Hofbräuhaus in Munich © JOHN BURKE
Part of the fun of a holiday is taking excursions that can range from a historical site to
an art exhibition. The nicest visits of all, maybe, are those highlighting local and
traditional produce, complete with goodies at the end.
Mostly, this means touring a vineyard, brewery or distillery, but it can also include
something for the sweet-toothed. For example, there are a dozen Scottish towns
where you can watch (and smell) the production of whisky, but Oban also has a small
business making chocolates by hand; entry is free, but a tasting batch costs £1.80.
Oban’s distillery, dating back to 1794, is one of the oldest and smallest in Scotland,
so it makes a convenient tour that includes a wee dram of 14-year old West Highland
Malt. If you prefer Irish whiskey (spelt differently) go round Jameson, and
a Dublin Pass will negate the usual price of 22 euros.
The same applies to the even dearer entry to Guinness, but that tour ends with a
large jar of porter. England has too many breweries to list, so you will never be far
from one. Adnams in Southwold reckons to be the most high-tech, and Bishop’s
Castle has the oldest brewer in Shropshire but Shepherd Neame in Faversham
comes first in all England. York claims the only traditional working brewery, but
Marston boasts oak casks in Burton-on-Trent.
Dray in Copenhagen © JOHN BURKE
There is also a free beer at Carlsberg and two other breweries in Copenhagen as
well as unfiltered Urquell in the Czech town of Pilsen. Germany offers many more
opportunities – from Kindl-Schultheiss in Berlin to four brewers of Kölsch in Cologne.
Beer tours in Munich, costing about £21, usually include the ancient Hofbräu whose
three-storey tavern has been rebuilt since Hitler patronised the pre-war premises.
By contrast, it can cost as little as £9 to visit the Viennese cellars of Schlumberger
complete with a glass of sparkling wine. For a taste of Champagne, there are 250
kilometres of cellars below Rheims and Epernay which are surrounded by 34,000
hectares of vines. Mumm, Taittinger, Veuve Cliquot and Moët & Chandon are among
a score of houses as well as many more châteaux (translating here as vineyards)
that can be visited.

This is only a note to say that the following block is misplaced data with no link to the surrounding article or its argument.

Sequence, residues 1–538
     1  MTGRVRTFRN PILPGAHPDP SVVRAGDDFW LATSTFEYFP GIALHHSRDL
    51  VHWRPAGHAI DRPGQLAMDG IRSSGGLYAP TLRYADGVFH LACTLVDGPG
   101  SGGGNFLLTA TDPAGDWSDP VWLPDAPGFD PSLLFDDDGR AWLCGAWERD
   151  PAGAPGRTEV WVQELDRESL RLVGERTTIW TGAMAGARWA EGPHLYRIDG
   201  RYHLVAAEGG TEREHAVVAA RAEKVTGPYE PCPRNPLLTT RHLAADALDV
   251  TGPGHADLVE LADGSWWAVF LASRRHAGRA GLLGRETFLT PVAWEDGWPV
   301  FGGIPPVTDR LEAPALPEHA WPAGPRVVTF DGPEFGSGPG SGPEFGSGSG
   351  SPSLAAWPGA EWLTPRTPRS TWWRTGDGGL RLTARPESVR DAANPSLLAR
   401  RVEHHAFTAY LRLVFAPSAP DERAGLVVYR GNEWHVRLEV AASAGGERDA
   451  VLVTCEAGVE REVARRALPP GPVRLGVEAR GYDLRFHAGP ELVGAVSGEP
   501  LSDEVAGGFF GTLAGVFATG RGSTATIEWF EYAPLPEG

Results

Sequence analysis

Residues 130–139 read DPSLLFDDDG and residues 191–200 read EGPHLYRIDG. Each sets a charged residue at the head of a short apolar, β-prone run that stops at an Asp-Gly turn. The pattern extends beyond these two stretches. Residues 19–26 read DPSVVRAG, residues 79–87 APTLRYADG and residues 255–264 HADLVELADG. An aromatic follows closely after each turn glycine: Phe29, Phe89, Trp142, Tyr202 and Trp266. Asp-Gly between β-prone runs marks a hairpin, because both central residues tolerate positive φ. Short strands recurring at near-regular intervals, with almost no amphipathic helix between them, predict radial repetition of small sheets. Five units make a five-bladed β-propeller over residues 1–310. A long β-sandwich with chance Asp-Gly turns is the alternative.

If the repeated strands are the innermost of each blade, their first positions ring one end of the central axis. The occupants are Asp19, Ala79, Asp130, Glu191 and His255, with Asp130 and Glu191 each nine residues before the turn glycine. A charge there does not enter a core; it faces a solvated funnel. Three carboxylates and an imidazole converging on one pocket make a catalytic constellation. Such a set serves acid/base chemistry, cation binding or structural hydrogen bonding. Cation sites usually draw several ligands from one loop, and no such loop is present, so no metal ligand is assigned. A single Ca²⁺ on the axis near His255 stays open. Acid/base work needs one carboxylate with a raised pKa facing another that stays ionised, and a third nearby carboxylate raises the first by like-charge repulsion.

Cellars in Rheims © JOHN BURKE
In the region of Burgundies further south, the best centre for tours is Beaune where
the cellars include Marché-aux-Vins and Patriarche Père & Fils. The largest area for
wine-tasting is around Bordeaux which counts some 700 million bottles a year. Tour
operators go out to six districts on either bank of the Gironde, such as Blaye, Médoc,
Saint-Emilion… Trips can be either all-day or half-day, the cheapest costing about
£38.
At Voiron you can sip green and yellow Chartreuse after 90 minutes of seeing how
the liqueurs are concocted, while in a neo-Renaissance palace at Fécamp its costs
only £11 to learn the myths and mysteries surrounding Bénédictine. Schiedam has a
surviving Dutch gin distillery and museum surrounded by five historic windmills, one
of which has flour for sale.
Gin in Holland © JOHN BURKE
As for brandy, the best place to go is Cognac whose distilleries include Hennessy,
Martell and Rémy Martin. More interesting is the lesser known Otard which started up
after the French Revolution when a Scottish baron bought the old Valois castle, the
presumed birthplace of Francis I in 1494. There is a historical waxworks in the dank
dungeons, so you can get a taste of history before tasting VS Tonic and VSOP.
Visits to Otard start at 11 euros.
Brandy has also been produced at Rüdesheim, overlooking the Rhine, since 1862.
The tour is free, and tasting Asbach Uralt costs only two euros, while bottles are
discounted in the gift-shop where alcoholic chocolates are also sold. There are at
least three chocolate factories to see in Switzerland and two more in Belgium as well
as a chocolate museum in Bruges. And most manufacturers of nougat in
Montélimar welcome visitors.
To get the best out of any such outing, it is essential to do three things before
you even leave home rather than take pot luck or rely on the local tourist office.
First, note the days and hours of openings as well as access for individuals or
groups. Secondly, be clear about whether it is free, flat rate or priced according to
length and level – the choice is especially bewildering around Bordeaux. Thirdly, look
at comments on one of the consumer sites.
Tasting in Blaye © JOHN BURKE
When you do get there, the complimentary tipple may well be in a café or restaurant,
not to mention a shop selling anything from foodstuffs to souvenirs. There is one
other excursion that cannot be regarded as a tourist trap.
This is the good, old Blanket Tour out of resorts on the Costa del Sol. The coach ride
is free to interesting places like Ronda or Malaga, but the complimentary sangria is at
a bedding wholesaler. Averaged out, enough passengers place orders for the
Merino wool products to make the trips a loss-leader.
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